Question

Aging & Fitness

How can older people stay physically fit?

A Answers (6)

  • AEnid Schwartz, MD, Geriatrics Nursing, answered on behalf of Honor Society of Nursing (STTI)

    Doing aerobics, walking, and other activities that might have been easy when you were younger may become more difficult as we age. Remaining active is important, but not always easy. However, there are things you can do, even if your activity is restricted due to arthritis, heart issues, shortness of breath, or other restrictions.

    Before going into some of the activities, I want to remind you that you need to start slow if you have not been active, see your physician to be sure there are no restrictions beyond how you feel as you exercise, and don't do it if it hurts. If there is a Silver Sneakers program in your area, check it out. Yoga has been helpful for many older adults. There are DVD's available for chair exercises that include strength and stretching exercises. If standing hurts or your leg movements are restricted, chair yoga might help. Check out the Internet if you have a computer, there are examples of exercises that are safe on the Internet. Water aerobics, if they are available in your area, is a great way to exercise. If walking is not difficult, get out and walk the mall or walk around your neighborhood. Find ways to keep yourself active and moving. And remember, if it hurts, stop, rest, and then continue. Even exercising for 10 minutes at a time is beneficial.

     

  • Staying fit is about being active. As you get older, barriers to fitness start to creep in to the equation. Depending on specific restrictions, there are alternatives to help keep you active. One example would be aquatic training. Swimming and running in the water requires no impact and attacks cardio and resistance training. 
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  • One of the main components the older population needs in their daily routine to stay physically fit is to get (and stay) moving. Functional fitness is an excellent exercise program and way of life for people of all ages, especially the above 50 years of age population. There are a variety of fitness programs and clubs for seniors whose activities are geared towards functional health.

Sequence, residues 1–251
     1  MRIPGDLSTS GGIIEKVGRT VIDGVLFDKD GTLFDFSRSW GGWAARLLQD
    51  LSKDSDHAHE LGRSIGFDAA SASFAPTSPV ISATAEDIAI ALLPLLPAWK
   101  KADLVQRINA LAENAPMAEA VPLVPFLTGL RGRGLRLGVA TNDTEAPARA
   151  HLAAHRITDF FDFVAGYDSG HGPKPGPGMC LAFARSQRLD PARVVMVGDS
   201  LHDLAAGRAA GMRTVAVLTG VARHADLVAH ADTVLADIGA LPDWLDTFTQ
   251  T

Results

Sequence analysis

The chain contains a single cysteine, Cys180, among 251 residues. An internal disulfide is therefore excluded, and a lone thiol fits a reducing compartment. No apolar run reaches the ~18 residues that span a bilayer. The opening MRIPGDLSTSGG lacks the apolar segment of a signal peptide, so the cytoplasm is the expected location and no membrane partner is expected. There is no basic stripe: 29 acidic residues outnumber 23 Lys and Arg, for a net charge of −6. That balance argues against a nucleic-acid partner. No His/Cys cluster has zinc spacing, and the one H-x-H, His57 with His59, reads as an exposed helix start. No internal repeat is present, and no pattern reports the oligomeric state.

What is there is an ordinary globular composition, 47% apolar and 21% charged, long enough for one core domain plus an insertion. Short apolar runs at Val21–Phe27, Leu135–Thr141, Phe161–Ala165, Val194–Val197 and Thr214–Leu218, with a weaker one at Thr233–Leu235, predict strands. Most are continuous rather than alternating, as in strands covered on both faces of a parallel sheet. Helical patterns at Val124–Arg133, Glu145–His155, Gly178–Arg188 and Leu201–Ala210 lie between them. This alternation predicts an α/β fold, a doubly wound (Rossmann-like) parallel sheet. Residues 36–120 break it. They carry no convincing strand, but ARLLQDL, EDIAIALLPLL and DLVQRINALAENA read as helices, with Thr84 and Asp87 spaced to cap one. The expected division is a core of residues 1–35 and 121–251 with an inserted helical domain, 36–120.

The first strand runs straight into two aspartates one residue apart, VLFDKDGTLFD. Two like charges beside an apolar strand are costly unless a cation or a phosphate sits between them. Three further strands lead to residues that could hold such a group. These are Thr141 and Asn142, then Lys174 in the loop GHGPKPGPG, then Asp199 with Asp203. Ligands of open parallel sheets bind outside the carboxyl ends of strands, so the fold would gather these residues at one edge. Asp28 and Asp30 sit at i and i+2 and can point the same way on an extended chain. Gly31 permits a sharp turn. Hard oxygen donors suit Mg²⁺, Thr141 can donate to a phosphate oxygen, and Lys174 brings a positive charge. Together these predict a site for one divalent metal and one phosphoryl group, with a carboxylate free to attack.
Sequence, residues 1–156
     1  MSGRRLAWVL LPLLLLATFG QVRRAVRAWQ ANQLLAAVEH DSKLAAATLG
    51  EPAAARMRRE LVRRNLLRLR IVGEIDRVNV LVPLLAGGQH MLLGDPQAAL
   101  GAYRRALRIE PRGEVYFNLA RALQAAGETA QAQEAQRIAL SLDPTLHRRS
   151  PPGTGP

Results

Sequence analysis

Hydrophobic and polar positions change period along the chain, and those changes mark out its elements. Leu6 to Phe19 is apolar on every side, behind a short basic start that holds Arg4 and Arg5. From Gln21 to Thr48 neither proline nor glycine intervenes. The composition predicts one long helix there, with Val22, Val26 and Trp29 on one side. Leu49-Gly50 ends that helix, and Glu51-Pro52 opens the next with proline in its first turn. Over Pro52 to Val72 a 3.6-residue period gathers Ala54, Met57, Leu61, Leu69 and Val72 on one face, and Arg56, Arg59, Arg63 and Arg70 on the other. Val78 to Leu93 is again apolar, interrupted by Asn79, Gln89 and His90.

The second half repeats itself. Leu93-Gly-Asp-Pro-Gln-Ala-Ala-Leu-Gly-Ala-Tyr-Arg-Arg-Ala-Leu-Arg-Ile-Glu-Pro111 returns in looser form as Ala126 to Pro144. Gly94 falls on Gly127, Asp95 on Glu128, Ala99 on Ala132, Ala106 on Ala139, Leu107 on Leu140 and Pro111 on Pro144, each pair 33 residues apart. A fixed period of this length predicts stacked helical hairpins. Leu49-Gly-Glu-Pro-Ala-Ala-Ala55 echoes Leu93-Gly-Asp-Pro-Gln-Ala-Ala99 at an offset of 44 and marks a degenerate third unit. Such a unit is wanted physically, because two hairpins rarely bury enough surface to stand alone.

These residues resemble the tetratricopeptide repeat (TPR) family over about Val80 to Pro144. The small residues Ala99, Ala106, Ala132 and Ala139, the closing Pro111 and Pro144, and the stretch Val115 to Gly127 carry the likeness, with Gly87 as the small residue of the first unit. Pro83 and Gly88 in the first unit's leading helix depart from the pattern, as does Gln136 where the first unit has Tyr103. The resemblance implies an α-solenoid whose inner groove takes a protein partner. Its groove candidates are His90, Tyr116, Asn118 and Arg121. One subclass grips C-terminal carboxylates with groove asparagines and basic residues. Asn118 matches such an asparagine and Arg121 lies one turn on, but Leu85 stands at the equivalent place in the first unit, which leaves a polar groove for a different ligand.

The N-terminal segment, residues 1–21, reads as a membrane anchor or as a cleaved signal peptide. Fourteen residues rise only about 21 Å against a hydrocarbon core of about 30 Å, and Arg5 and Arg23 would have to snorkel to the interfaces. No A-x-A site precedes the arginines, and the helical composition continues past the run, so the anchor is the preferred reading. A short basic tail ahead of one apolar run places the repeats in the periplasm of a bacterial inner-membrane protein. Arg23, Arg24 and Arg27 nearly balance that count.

Other beneficial options would be walking inside of a mall or park, choosing the stairs over the elevator, or playing with the grandchildren. You're only as old as you feel!!! So adapting functional fitness as a lifestyle is a step in the right direction towards staying physically fit for life. 

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  • If you have not been working out on a regular basis, you will want to have a physical  and approval from your physician.  Once your physician gives the "go ahead," older people can stay fit pretty much the same way as anyone at any age with some added precautions.  I work with many people over the age of 50 and as old as 95.  The types of exercise I recommend for aerobic endurance include walking, swimming and cycling.  I take my clients through various resistance training workouts utilizing machines, free weights and tubing.

    All exercises should be kept low impact.  After the age of about 40, I recommend that people do NOT perform any exercises that place a load on their spine (i.e. loading a barbell or other form of weight on your shoulders).  Even if you have not been diagnosed with osteopenia or osteoporosis, the risk of spinal injury is higher than in the younger generation.